We know that Boom is still not a fully sustainable festival. In spite of that we’ve been taking all the possible steps and commitments to reduce the trace of this event for the Sacred Earth. There is still a long way to go and huge improvements to be done. We acknowledge the space to evolve and the ecological pathway is an imperative for us, so we’ll keep researching the ways to reduce our footprint and give back to the Sacred Earth what a gathering of more than 20,000 people does to the environment. We Are All One.

Photo 5
Land Art at Boom 2010

Ashtrays: 20,000 pocket ashtrays delivered at the welcome point, Boom Bus station and Info Stand thus reducing the trace of cigarette butts onsite.

Recycling: Although we reduced, recycled and reduced in many aspects as you read above, recycling at Boom was a big issue. We took a step back regarding recycling at Boom when city council told us they couldn’t carry it out properly. Not only was the amount of plastic outrageous during both the construction period and Boom itself, the public system for recycling was not running at all.

They didn’t grant us recycle bins nor the transport for the plastic/metal/paper into recycling stations. Without local recycling units we couldn’t find any service that could rid us of this rubbish properly.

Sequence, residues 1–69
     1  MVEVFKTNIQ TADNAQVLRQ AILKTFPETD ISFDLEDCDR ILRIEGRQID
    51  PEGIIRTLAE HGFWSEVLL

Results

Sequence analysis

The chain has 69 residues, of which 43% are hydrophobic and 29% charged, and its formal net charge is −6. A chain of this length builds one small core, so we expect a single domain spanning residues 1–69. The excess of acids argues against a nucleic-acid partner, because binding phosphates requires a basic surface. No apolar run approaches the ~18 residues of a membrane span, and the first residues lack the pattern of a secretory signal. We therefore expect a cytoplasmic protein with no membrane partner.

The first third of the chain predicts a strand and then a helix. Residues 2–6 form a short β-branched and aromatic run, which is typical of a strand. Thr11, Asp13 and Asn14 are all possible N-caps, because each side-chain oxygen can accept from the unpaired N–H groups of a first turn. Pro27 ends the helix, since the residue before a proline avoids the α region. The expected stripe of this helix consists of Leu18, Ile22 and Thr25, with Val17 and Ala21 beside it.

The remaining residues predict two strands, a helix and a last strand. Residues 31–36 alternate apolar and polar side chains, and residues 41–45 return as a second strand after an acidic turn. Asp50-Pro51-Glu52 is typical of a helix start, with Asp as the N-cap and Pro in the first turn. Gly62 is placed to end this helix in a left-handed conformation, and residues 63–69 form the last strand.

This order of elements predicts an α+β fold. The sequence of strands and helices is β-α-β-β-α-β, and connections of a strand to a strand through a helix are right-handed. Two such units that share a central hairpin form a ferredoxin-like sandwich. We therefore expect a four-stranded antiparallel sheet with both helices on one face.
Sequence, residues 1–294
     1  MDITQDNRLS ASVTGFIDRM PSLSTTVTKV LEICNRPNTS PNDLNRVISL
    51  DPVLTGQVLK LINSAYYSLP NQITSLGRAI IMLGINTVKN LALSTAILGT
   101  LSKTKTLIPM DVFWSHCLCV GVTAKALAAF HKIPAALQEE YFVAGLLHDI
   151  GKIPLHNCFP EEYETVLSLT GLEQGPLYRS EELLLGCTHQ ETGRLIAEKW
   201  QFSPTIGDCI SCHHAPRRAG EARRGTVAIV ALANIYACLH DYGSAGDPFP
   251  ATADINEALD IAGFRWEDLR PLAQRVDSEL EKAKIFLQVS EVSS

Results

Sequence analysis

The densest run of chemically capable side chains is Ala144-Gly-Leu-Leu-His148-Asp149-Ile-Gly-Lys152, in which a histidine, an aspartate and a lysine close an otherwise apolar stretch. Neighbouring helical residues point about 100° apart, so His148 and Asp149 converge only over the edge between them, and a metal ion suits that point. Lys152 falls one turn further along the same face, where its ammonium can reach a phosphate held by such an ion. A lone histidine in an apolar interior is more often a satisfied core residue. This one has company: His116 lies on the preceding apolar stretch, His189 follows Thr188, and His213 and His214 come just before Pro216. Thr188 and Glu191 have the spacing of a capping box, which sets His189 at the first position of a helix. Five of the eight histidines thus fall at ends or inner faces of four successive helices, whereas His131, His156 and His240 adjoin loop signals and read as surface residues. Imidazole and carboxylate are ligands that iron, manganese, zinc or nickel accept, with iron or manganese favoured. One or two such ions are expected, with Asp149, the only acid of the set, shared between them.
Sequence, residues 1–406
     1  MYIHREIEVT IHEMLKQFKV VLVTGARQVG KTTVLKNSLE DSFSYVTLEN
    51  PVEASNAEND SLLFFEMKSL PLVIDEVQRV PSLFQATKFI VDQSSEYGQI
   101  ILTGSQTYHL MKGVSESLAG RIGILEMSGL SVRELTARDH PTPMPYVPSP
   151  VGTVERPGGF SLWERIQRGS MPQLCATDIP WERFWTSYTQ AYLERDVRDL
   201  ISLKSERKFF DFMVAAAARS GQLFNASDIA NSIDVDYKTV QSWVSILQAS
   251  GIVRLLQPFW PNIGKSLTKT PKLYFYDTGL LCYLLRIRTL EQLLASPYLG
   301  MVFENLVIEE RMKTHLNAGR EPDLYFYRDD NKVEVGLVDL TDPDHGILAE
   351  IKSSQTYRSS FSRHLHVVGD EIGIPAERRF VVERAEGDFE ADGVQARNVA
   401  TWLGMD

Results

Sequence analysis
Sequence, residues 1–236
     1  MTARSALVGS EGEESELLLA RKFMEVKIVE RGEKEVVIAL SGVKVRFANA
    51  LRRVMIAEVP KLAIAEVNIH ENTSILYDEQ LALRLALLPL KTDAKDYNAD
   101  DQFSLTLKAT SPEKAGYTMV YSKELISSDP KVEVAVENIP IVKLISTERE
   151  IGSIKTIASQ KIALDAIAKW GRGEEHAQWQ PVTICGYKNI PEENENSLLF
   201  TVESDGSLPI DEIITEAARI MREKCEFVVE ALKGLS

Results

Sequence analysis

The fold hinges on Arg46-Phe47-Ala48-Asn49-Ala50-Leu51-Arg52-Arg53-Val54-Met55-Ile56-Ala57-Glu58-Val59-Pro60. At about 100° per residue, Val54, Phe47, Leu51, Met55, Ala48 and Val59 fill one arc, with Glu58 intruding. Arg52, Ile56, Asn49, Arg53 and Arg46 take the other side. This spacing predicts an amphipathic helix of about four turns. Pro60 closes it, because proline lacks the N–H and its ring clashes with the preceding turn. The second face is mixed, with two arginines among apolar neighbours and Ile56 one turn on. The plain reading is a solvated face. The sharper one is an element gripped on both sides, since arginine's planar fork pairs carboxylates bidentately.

For next year priority goes for recycling bins and finding a way to partner with an NGO that can channel all the plastic properly.

Photo 6
Live painting at Dance Temple


We spend dozens of hours online and we read everything about Boom carefully. We love to read feedback about what went well and not so well.

One major point of negative feedback refers to some of the music played in the afternoons. We agree with this and we’ll change the format as we wrote already in our Letter for the Boomers Part I. But we need to underline that in no case will Boom clash with the creative freedom of DJs.